BACKGROUND: Alzheimer’s is the most common type of dementia that can cause problems with thinking, memory, and behavior. Fifty to eighty percent of dementia cases are patients with Alzheimer’s. The disease progressively gets worse, interfering with daily tasks. The disease is fatal and there is currently not a known cure. Although Alzheimer’s mostly affects people 65 and older, it is not just a disease of old age. Close to four percent (or 200,000) of Americans, with the disease have early onset, also known as younger-onset, which appears when they are in their 40s or 50s. In the early stages of Alzheimer’s, memory loss is mild. However, as the disease progresses it can cause a person to lose their ability to respond to their surroundings and lose their ability to carry on a conversation. Alzheimer’s is the sixth leading cause of death in the United States. On average, people live eight years after their symptoms are noticeable to others. However, survival can range from four to 20 years depending on age and other health concerns. (Source: www.alz.org)
7 STAGES OF ALZHEIMER’S: Not everyone will experience the same symptoms or progress at the same rate. However, Barry Reisberg, MD, clinical director of the New York University School of Medicine’s Silberstein Aging and Dementia Research Center, created a 7 stage framework for the disease:
- Stage 1: No impairment. The person does not have any memory problems
- Stage 2: Very mild cognitive decline. Person may feel as if they have memory lapses, but can’t be detected by an exam.
- Stage 3: Mild Cognitive decline. Family, friends, and co-workers begin to notice difficulties like remembering names, the right word, losing valuable objects, trouble organizing, etc.
- Stage 4: Moderate Cognitive decline (early-stage Alzheimer’s). Medical interview should be able to detect it. Symptoms include: forgetfulness of recent events, impaired ability to perform challenging mental arithmetic, forgetfulness about one’s own personal history, moody, and greater difficulty performing daily tasks.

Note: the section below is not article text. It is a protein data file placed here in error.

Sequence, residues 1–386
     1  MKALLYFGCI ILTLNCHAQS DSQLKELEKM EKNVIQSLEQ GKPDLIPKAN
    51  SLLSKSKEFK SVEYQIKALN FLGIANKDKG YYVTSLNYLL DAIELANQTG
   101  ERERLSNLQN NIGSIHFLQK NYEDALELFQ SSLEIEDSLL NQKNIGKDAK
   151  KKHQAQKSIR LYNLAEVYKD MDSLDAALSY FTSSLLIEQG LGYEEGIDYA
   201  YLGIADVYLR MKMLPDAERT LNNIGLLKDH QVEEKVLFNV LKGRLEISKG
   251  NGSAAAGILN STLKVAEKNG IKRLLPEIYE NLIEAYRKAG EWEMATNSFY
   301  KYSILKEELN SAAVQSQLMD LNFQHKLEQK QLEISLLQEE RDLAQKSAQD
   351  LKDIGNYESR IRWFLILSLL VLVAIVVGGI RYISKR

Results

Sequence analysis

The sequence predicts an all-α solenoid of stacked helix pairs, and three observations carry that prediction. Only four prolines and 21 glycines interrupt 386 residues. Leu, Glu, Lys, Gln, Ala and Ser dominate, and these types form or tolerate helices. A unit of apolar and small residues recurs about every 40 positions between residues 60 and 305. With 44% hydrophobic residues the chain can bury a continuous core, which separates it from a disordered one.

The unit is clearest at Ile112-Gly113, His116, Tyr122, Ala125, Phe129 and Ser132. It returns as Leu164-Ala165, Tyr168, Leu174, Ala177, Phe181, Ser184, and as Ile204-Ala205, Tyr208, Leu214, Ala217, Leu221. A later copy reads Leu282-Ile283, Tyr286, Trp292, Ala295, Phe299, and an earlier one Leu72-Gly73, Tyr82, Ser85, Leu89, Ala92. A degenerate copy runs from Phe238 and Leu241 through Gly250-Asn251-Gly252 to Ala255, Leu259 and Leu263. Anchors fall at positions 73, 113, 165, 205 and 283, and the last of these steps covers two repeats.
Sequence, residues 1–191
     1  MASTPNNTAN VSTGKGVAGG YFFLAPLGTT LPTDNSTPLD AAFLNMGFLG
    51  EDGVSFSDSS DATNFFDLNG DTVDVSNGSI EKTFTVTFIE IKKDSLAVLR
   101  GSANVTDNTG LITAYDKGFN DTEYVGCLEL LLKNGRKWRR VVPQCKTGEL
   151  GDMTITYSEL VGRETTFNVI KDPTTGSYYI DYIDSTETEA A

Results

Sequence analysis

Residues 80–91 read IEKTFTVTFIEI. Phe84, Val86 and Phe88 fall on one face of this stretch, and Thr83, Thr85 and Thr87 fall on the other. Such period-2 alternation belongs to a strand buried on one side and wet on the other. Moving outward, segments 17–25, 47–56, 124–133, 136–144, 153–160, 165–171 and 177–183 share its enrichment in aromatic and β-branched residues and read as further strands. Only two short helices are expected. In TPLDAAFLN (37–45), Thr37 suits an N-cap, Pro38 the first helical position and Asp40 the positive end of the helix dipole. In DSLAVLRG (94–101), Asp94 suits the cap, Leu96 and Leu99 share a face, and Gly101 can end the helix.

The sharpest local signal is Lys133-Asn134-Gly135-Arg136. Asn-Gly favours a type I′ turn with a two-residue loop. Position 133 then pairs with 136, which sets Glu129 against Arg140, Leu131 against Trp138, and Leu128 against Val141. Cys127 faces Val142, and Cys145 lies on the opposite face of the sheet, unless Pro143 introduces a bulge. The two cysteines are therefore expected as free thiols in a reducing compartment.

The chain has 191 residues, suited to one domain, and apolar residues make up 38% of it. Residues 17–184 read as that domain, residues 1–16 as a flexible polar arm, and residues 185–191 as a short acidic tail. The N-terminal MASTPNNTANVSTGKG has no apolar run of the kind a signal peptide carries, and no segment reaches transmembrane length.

- Stage 5: Moderately severe cognitive decline. Gaps in memory and thinking are noticeable and they begin to need help with day-to-day activities. At this stage, they will not be able to recall their own address; they are confused about what day it is; and they need help choosing clothes.
- Stage 6: Severe cognitive decline. Memory continues to get worse, personality changes get worse, and they need extensive help with daily activities.
- Stage 7: Very severe cognitive decline. They lose the ability to respond to their environment, to carry on a conversation, and eventually to control movement. (Source: www.alz.org)
NEW TECHNOLOGY: An important aspect of treatment is early detection. The FDA approved a new technology to detect Alzheimer’s, called Amyvid. Its radioactive dye is used with positron emission tomography (PET) to visualize amyloid plaque buildup in the brain. It’s designed to be used on adult patients with cognitive impairment. A negative Amyvid scan shows scarce plaques and is inconsistent with a neuropathological diagnosis of Alzheimer’s. It also reduces the likelihood that a patient’s cognitive impairment is caused by Alzheimer’s. A positive Amyvid scan indicates moderate to frequent amyloid neuritic plaques; neuropathological examination has shown this amount of amyloid neuritic plaque is present in patients with the disease, but may also be present in patients with other types of neurologic conditions along with older people with normal cognition. In other words, if a patient with dementia does not have amyloid buildup, then the cause of dementia is likely not to be Alzheimer’s. If the scan shows they do have amyloid buildup, their chances of having Alzheimer’s increased. A positive scan does not establish a diagnosis of Alzheimer’s, just increases their likelihood. More research is needed to understand the appropriate use of florbetapir-PET imaging in Alzheimer’s diagnosis. The FDA approval of Amyvid will expand the clinical and research opportunities for amyloid imaging. The Alzheimer's Association has convened a task force with the Society of Nuclear Medicine to develop recommendations for the use of amyloid imaging for physicians, imaging and other medical specialists, Alzheimer families and the general public. (Source: www.alz.org)